Created: November 14, 2019 08:10 PM
GREECE, N.Y. (WHEC) — Imagine having a hole in your floor during the chill of a Western New York winter. That's the case for one Greece family who hired a contractor five months ago to build an addition to their home. They say the contractor left them cold, literally.
The Bradleys recently welcomed a new family member. Jenny Bradley had a baby in late May and now they need more space for the family of seven. So they took out a loan for an addition to be built on their home.
"We interviewed a ton of contractors and were trying to find someone perfect for the job," Jenny said.
When they found Stafford Smith, the owner of Carpentry Concepts, they thought they had indeed found the perfect contractor, a man who understood the needs of this young family.
"He said, ‘I want to do this pro bono for you. He said this addition would typically cost $85,000 to $90,000," Jenny said.
But Smith said he would do it for $60,000 and could finish in two and a half months. He asked for half upfront So on May 16, they paid Smith $30,000.
And he wanted something else.
"The first $30,000 was made out directly to him," Jenny said.
That's right. The contractor wanted the check made out to him, not his business.
"He only worked two full days, and then he stopped by the next week for a few hours," Jenny said.
She says he then disappeared for two months. She texted him constantly, and he’d promise he was coming the next day, but he repeatedly failed to show up.
"He just abandoned the job after leaving this mess," Jenny said.
He left lumber piled in the yard, and the addition still has a mud floor. But inspectors with the town of Greece said her problems were bigger than that.
I talked to the director of technical services for Greece. He told me there were hazards. The furnace exhaust pipes were coming into the addition which posed a carbon monoxide risk, and a major electric line was running through the unfinished room, which posed an electrocution risk.
"The town, they shut our whole job down they put a no work order on it,” Jenny said.
No work could resume until problems were fixed.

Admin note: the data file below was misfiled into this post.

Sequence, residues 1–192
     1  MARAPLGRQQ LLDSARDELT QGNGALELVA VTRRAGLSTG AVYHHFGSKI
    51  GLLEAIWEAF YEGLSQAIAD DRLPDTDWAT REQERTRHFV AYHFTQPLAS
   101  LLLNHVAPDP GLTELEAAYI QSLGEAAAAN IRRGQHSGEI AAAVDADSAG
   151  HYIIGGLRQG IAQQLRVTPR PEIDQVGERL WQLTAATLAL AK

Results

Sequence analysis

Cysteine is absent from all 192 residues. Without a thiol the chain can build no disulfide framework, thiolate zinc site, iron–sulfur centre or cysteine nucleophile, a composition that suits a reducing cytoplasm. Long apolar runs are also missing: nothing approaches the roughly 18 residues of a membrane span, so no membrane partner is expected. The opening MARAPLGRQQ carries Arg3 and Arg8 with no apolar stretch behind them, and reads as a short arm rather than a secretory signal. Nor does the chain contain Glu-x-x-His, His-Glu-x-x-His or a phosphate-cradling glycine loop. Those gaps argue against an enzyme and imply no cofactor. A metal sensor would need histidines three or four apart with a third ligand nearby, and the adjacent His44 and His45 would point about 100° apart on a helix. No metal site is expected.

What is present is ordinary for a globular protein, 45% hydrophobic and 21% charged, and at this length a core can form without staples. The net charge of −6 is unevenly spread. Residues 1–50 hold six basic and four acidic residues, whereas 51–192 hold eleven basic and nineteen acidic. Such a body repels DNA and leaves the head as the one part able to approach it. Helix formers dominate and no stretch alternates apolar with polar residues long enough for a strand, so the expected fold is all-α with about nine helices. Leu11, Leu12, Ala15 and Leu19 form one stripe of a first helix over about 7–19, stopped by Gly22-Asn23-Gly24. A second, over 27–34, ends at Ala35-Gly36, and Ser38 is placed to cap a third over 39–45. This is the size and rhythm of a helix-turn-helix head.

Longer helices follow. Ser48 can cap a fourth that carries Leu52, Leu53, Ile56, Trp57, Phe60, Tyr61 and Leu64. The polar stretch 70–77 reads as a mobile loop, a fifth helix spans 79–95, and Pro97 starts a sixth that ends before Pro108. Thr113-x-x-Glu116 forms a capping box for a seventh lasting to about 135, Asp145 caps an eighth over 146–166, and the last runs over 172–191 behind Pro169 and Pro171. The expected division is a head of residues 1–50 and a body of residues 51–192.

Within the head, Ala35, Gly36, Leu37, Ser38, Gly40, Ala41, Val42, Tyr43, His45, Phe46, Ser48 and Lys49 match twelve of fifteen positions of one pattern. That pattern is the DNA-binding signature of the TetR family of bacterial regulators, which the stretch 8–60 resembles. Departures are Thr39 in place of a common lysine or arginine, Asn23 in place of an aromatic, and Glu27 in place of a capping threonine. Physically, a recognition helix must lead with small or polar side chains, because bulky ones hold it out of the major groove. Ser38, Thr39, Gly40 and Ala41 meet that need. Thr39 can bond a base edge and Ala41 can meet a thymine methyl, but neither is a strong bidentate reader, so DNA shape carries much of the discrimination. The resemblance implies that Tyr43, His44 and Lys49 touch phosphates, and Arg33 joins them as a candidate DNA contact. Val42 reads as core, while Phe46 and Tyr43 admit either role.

As of this Thursday, five months after he started, the addition is a shell, and the contractor has left a hole about 15 inches in diameter in the floor of her finished basement. That hole is connected to the shell of a new addition. Frigid air and bugs are coming through the hole, making the basement bedroom of two of her children very uncomfortable.
So I called the contractor. He refused an on-camera interview but agreed to talk to me by phone. He says before he started the work and the Bradley’s home, he told them he had other work that had to be done that might mean he wouldn’t be able to finish the job, and he says he never gave her a timeline for completion.
As for that electrocution and carbon monoxide hazards, he says he had always planned to move the lines.
So News10NBC investigative reporter Deanna Dewberry called the contractor.
“Why did you ask her to make that $30,000 check to you?" she asked.
“Why would I not?” he responded.
"You should never give a payment to a contractor in his own name,” Carmen Santora, the executive director of the Better Contractor’s Bureau, said.
“Is that a big red flag?” Dewberry asked Santora.
“It's one of the biggest probably,” Santora said.
He stressed that all payments should be made to the contractor’s business, and state law mandates that all payments be kept in escrow to be used during construction. Santora says there were other red flags.
The so-called contract the Bradley's signed was handwritten on a form that said “contractor’s invoice” at the top.
Santora said the document meets none of the requirements of state law, like informing the consumer that the payments must be in an escrow account.
General business law also mandates the contracts tell the consumer he/she has three days to change their mind, and clearly indicate the specifics of the project.
Dewberry asked Smith, "I would think you would know that state law mandates that there are several things that must be included in a contract if the job is over $500?"
He was silent, and later indicated he wasn’t aware of the specific information the law requires in a contract.
"That's why I'm wondering if you're usually in charge of a job this big, or are you a contractor who does the framing?” Dewberry asked Smith.
After a long pause, he admitted he is a subcontractor. As for the Bradleys, they have the following advice:
“Do more than your due diligence because I thought I did but clearly I didn’t,” Jenny said.
Stafford Smith told Dewberry he is more than willing to finish the job for the Bradleys. The couple told Dewberry they no longer trust him.
Before you hire a contractor, here’s Deanna’s Do List:
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